>
517/689 / 583/611;
>
(517/689) / (583/611);
Using parentheses judiciously, we can perform more complex problems. For example, the expression would be entered in this way :
>
1/ ( 3/4 - 2/3);
D1. Compute
A. on a hand-held calculator, and B. using Maple C. Are the answers the same?
D2. Compute
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E. Decimals
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Maple is also capable of working with decimal numbers. However, unlike a hand-held calculator which has a limited number of decimal places, Maple can do more precise computations with a virtually unlimited number of places. Maples super-calculator features are useful for working with both rational and irrational numbers.
>
1.37^42.19;
THE NUMBER
The number is a constant in mathematics and is recognized by Maple and typed as Pi (note the capitalization of P but not i). Normally displayed as a symbol. To view in a decimal form, use the evalf command.
>
Pi;
>
evalf(Pi);
>
evalf( Pi, 1000);
>
Pi * 173.28^2;
E1. Compute /2 to 2,000 decimal places.
E2. Compute the area and circumference of a circle with radius 3,429.2 meters.
E3. Compute the area of an annulus (ring shaped figure) of inner radius 395 and thickness 4.5
(Hint compute the area of the outer circle, then subtract the area of the smaller circle inside).
ROOTS
To compute square roots, you can use the sqrt command. Notice that Maple is smart enough to simplify square roots as much as possible without converting to decimals, just as you would do by hand.
>
sqrt(30); sqrt(441); sqrt(24);
Of course, we can use the evalf command to express these numbers in decimal form also.
>
evalf( sqrt(2) );
>
11 + sqrt(31); evalf(%);
You can compute other roots using fractional exponents. For example, finding the cube root of a number is the same as raising the number to the 1/3 power. You can also compute other rational and irrational powers!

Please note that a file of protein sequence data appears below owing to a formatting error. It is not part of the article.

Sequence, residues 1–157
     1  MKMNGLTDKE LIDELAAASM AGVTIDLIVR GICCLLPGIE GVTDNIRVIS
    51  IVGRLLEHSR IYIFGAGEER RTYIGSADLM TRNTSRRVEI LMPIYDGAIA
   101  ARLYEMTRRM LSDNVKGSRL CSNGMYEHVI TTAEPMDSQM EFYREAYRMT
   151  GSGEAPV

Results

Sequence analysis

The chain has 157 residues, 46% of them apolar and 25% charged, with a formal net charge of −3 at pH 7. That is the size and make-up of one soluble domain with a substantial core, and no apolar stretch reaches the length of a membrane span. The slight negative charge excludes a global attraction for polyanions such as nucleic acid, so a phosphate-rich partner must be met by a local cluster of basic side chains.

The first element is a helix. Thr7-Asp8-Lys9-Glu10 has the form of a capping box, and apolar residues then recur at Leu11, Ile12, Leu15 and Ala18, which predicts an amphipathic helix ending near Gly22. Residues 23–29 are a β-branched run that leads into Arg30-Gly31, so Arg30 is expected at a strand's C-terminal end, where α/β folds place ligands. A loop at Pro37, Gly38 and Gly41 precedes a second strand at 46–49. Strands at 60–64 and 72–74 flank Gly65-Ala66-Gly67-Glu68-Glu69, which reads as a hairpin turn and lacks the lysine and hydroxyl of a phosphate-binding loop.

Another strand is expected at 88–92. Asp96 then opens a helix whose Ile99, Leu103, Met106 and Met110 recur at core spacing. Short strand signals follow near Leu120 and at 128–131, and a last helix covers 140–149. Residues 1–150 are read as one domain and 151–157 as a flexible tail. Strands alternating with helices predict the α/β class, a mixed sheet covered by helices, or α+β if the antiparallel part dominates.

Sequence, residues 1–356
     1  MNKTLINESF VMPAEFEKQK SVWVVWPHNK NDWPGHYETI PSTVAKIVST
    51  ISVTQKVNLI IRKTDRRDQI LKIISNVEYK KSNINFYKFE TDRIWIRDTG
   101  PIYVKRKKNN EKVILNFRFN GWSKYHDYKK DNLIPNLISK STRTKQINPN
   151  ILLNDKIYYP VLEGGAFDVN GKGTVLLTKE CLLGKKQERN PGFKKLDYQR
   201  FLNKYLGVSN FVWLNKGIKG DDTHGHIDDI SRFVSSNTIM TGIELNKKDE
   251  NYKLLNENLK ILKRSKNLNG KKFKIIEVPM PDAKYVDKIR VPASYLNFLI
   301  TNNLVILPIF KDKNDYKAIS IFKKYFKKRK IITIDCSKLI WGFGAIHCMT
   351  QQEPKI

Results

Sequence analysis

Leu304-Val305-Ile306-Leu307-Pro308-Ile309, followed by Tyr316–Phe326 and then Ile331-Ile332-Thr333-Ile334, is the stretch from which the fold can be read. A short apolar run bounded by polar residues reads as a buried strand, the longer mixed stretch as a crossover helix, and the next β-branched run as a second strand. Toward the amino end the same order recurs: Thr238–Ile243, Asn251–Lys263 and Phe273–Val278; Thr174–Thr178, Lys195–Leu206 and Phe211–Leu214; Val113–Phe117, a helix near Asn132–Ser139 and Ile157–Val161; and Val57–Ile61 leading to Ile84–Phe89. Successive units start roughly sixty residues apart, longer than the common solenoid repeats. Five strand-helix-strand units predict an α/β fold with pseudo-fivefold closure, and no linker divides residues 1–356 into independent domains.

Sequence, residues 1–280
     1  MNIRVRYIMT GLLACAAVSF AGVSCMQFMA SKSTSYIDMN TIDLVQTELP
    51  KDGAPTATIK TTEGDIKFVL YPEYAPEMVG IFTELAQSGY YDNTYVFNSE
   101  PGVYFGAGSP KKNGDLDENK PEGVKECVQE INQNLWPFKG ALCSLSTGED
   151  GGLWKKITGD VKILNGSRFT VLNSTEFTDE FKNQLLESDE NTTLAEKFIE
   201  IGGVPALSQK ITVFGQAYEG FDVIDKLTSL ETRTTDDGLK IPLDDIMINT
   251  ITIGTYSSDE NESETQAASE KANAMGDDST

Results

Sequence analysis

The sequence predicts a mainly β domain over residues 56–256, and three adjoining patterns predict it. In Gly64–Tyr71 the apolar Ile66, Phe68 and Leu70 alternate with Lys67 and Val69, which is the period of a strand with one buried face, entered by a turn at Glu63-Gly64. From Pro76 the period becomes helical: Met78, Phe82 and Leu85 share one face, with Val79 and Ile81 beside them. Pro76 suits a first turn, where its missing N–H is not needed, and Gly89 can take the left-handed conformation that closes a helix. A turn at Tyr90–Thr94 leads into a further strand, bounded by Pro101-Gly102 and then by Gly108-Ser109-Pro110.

>
64^(1/3);
>
10^(1/4); evalf(%);
>
7^ (3/5); evalf(%);
>
sqrt(2)^sqrt(3); evalf(%);
E2. Compute in exact (non-decimal form) and decimal form with 100 decimal place accuracy
A.
B.
C.
D.
E.
F.
E3. Compute
A. using a hand-held calculator, B. using Maple C. are the answers the same?.
RATIONAL NUMBERS
Maple usually leaves fractions in fraction form. However, we can force it to express fractions in decimal form using the evalf command once again.
>
1/7;
>
evalf(%);
Maple displays 10 decimal places or so as a default. If this is not enough accuracy and you would like greater precision, you can specify the exact number of decimal places as a second parameter to the evalf command.
>
evalf( 1/7, 200);
Fractions are also called rational numbers because their decimal expansions always have repeating blocks of digits. By looking at the decimal representation of a rational number you can see the repeating cycle of digits. For example, you might notice the repeating pattern of 6 digits in the decimal expansion of 1/7 above. Some numbers have greater periods which can only be seen when greater numbers of digits are displayed.
>
12/31 ;
>
evalf( % );
>
evalf( %, 100 );
E1. How many digits repeat in each of these rational numbers?
A.
B.
Note : There is no special Maple function that computes the number of repeating decimal
places. Just evaluate these numbers, count the period of repeating digits, and then type
the answer (insert paragraph).